Rattling over the rails, Levi tries to figure out how he got here, dress shirt covered with coal dust, stuck on a “Jim Crow” train car so very far away from home. Why his Aunt decided right now it was time for him to be with his father on an Army base during the War, he’ll never know.
Sure, he missed his dad, but in 1945 so many fathers and brothers and cousins were gone. If it wasn’t war-time, the Army wouldn’t let a colored man be an officer, says everyone in their Chicago neighborhood, and not one single soul believes that Charles Battle is a paratrooper.
It doesn’t help that Levi’s jazz-singer mother left home when he was a little baby, that his father has no idea that the tall thirteen-year-old is on his way to North Carolina to join him, that Aunt Odella’s prayers and fried chicken might not get him safely to Fort Bragg.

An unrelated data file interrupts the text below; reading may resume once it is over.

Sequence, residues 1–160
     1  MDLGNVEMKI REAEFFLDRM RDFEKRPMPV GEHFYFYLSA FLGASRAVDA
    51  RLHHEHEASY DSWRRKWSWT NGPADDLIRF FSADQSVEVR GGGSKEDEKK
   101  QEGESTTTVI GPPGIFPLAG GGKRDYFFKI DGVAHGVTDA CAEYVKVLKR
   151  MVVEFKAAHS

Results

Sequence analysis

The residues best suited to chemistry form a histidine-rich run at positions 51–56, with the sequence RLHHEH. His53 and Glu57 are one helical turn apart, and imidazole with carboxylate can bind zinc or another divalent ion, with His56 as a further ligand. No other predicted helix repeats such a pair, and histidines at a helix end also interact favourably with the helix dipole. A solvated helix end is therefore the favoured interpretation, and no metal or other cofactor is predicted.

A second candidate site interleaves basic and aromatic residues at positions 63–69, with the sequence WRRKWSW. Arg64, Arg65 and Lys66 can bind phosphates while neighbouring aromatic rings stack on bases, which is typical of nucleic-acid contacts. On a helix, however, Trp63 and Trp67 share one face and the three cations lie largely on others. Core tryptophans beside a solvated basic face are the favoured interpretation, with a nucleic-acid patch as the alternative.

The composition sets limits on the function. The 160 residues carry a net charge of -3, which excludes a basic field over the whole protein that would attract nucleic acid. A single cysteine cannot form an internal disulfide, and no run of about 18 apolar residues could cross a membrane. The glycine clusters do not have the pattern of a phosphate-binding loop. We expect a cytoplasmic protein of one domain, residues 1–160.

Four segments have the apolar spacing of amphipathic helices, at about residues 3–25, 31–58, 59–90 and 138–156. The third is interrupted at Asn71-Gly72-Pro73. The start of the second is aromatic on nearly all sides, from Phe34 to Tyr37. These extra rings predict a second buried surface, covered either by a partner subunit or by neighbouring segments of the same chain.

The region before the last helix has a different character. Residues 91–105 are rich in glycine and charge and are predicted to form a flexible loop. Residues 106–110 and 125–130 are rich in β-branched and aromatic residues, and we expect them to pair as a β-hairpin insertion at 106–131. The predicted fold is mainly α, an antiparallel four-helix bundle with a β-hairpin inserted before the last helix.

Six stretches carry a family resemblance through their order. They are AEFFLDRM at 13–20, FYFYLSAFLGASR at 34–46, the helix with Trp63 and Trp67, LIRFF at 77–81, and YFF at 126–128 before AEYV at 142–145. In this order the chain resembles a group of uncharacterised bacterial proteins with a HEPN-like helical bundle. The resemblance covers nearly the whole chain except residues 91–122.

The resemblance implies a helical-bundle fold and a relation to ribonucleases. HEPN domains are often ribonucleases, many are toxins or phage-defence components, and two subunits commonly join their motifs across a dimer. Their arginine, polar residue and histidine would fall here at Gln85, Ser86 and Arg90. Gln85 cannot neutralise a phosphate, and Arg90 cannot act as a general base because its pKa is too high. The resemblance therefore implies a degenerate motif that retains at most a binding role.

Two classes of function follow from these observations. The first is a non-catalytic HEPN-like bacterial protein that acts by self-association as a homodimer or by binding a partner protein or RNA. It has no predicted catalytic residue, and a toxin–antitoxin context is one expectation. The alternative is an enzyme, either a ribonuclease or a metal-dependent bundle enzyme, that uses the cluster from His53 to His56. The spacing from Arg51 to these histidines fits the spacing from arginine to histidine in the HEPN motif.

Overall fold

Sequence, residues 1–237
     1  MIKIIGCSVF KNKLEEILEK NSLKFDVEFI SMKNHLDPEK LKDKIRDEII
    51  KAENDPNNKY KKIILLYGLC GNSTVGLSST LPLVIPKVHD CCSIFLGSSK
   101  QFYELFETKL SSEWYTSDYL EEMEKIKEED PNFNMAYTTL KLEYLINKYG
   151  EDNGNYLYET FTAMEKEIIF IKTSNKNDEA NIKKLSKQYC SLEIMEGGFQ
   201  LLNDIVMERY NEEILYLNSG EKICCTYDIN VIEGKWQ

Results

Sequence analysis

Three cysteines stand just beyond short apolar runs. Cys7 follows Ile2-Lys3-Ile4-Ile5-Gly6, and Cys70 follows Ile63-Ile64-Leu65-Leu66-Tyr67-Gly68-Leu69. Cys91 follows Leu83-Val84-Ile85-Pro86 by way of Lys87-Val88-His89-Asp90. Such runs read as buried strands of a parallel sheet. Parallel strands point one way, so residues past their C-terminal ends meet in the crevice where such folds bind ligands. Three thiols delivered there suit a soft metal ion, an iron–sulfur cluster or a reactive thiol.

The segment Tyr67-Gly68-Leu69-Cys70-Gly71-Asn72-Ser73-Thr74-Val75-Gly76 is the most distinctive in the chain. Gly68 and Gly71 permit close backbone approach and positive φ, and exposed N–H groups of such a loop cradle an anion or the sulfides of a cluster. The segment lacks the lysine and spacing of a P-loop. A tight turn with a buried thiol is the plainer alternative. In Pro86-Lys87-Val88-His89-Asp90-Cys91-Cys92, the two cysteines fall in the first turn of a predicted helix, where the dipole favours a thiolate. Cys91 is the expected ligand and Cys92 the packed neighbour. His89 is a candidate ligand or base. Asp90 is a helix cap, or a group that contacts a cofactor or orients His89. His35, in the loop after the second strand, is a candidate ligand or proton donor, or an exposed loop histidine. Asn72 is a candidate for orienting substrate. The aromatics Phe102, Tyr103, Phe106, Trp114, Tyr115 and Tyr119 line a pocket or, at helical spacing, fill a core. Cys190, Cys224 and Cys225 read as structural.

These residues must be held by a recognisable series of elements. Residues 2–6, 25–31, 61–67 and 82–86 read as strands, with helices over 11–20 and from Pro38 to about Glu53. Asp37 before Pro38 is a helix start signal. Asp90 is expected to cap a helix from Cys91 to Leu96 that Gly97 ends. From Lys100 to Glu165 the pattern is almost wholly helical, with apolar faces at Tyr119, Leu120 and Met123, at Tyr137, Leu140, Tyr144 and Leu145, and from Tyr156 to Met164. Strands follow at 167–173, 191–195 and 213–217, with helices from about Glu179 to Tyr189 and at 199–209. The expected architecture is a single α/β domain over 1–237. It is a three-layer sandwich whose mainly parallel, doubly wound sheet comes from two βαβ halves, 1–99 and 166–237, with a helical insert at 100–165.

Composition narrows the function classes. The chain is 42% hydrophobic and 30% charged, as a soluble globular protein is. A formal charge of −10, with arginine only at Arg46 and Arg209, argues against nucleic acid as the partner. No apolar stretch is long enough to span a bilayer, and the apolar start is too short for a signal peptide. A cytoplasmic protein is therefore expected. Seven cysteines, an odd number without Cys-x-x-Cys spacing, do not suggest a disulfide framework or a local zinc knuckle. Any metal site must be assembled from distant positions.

Levi couldn’t believe that white people in the South would act so hateful, but he learns quickly to stay away from town, stick with the other black soldiers’ families, and be ready to move at a moment’s notice. When the Army says leave for Oregon, off they go, Levi helping Sgt. Cal’s wife with the new baby on the long cross-country trip.
But why is the 555th battalion really in Pendleton? Is it just busy-work to make it look like the Army is letting black soldiers fight? What if Lt. Battle doesn’t come back from the next mission or the one after that?
Based on the history of the real 555th, this journey of discovery will take readers back to the home front during World War II as Levi watches his father and brothers-in-arms Jump Into the Sky to defend the USA, whether acknowledged for their bravery or not.
Recommended by: Katy Manck, Librarian-at-Large (retired academic/corporate/school librarian), Gilmer, Texas, USA – blogging young adult books beyond the bestsellers at http://BooksYALove.blogspot.com